Decision #134/23 - Type: Workers Compensation
The worker is appealing the decision made by the Workers Compensation Board ("WCB") that:
1. They are not entitled to wage loss benefits after June 25, 2022; and
2. They are not entitled to medical aid benefits after November 15, 2022.
A videoconference hearing was held on November 23, 2023 to consider the worker's appeal.
1. Whether or not the worker is entitled to wage loss benefits after June 25, 2022; and
2. Whether or not the worker is entitled to medical aid benefits after November 15, 2022.
1. The worker is entitled to wage loss benefits after June 25, 2022; and
2. The worker is entitled to medical aid benefits after November 15, 2022.
The worker has an accepted WCB claim for multiple injuries to their right shoulder, right side ribs and mid/lower back as the result of a motor vehicle accident that occurred on November 16, 2021 while at work. After being taken to a local emergency department by ambulance, the worker's compensable injuries were updated to a T-10 vertebral body fracture, right scapular fracture, and right third, sixth and seventh rib fractures. The worker remained in the hospital for several days and was later discharged.
On March 3, 2022, the worker attended for an initial appointment with their family physician. The physician noted the worker's reporting of back pain with walking or changing positions and when sitting for longer than 20 minutes. It was noted they did not examine the worker as the worker was still in the brace from the hospital but indicated the worker could not rise from the chair without arms. The physician recommended the worker remain off work for 4 weeks and to attend physiotherapy/reconditioning.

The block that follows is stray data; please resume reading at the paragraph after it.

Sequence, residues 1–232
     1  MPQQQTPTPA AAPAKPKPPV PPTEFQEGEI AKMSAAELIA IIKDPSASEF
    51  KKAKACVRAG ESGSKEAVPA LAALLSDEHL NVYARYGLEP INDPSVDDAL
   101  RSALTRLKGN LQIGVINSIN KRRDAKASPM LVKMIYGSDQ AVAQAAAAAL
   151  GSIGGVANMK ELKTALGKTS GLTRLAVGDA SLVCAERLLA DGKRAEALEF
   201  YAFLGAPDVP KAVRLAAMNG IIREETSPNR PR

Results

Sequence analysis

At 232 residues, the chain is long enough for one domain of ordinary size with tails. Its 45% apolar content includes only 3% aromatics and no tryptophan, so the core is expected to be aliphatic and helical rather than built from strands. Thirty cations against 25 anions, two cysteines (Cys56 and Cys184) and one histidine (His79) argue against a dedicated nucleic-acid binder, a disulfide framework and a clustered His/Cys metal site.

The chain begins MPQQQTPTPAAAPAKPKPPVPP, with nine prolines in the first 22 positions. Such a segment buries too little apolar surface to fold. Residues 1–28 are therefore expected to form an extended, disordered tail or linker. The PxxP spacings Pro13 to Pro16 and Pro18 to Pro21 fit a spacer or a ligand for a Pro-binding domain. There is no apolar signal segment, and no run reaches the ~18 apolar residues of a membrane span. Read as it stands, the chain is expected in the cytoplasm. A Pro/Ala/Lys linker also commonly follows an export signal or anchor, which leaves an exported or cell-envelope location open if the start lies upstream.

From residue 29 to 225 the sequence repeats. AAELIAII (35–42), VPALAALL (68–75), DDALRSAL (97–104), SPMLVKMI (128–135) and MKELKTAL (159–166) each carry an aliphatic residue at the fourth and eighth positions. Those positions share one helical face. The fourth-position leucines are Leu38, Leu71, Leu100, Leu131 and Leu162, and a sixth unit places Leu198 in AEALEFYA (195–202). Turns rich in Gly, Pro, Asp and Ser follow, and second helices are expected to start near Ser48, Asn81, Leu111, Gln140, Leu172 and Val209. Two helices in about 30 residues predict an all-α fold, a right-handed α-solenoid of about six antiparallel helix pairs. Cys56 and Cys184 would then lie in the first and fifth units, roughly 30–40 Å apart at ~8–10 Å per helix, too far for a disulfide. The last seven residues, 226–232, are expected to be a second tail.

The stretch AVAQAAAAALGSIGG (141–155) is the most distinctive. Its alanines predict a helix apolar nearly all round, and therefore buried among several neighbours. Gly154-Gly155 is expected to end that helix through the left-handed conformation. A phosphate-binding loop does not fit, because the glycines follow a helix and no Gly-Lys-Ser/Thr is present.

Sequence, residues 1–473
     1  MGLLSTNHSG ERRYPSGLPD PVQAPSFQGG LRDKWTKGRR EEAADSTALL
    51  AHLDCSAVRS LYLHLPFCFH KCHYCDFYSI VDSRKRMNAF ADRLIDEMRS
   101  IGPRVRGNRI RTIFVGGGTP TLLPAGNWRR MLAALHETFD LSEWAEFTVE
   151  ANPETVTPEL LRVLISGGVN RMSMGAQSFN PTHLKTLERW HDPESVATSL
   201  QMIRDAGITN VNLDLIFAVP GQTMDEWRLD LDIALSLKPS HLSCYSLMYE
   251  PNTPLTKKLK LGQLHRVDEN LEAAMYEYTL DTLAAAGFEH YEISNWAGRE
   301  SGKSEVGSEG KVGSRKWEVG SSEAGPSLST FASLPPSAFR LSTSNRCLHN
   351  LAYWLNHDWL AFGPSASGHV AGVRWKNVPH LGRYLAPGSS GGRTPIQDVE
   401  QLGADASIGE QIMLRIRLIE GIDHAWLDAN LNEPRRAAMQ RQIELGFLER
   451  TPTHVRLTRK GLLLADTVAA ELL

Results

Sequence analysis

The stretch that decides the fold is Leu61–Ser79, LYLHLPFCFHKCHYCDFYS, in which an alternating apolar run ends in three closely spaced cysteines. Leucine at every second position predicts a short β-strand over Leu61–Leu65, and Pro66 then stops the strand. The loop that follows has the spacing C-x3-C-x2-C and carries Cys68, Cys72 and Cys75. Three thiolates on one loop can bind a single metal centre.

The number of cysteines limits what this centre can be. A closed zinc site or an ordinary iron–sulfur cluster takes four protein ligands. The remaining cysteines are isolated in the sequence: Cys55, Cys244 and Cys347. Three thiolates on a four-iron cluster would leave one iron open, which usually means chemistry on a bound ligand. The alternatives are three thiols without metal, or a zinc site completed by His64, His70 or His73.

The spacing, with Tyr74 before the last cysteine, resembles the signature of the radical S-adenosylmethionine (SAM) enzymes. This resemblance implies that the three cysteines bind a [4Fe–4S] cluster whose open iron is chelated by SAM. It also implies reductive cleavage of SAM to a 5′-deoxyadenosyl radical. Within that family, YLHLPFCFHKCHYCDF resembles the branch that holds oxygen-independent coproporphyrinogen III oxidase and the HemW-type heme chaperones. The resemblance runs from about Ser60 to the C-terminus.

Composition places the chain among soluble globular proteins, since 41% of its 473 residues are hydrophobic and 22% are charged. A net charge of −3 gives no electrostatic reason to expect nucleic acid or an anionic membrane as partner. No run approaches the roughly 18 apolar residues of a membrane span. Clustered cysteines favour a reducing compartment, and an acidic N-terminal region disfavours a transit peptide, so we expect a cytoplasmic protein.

The worker began physiotherapy treatment on March 11, 2022, reporting lower back and mid back pain between the shoulder blades, right shoulder stiffness, headache, left knee pain, memory loss and general weak hand dexterity. The treating physiotherapist noted full rotation of the worker's cervical spine, pain limiting range of motion in the worker's trunk, decreased range of motion in the worker's right shoulder and thoracic spine regions. The physiotherapist noted the worker's diagnosis of "…several vertebral fractures, several rib fractures, R (right) scapular fracture. Neck strain" as confirmed by the diagnostic imaging. It was noted the worker was capable of regular work duties and hours with restrictions of light sedentary duties; avoid repetitive bend/twist; frequent position changes (every 30 minutes); microbreaks as needed; no driving/riding in a vehicle more than 20 minutes and avoid lifting greater than 10 pounds. On March 25, 2022, the worker's restrictions were updated by the treating physiotherapist to include stairs limited to 5 steps and restriction on hours to half days on alternating days. At the request of the WCB, a call-in examination was arranged to clarify the worker's restrictions.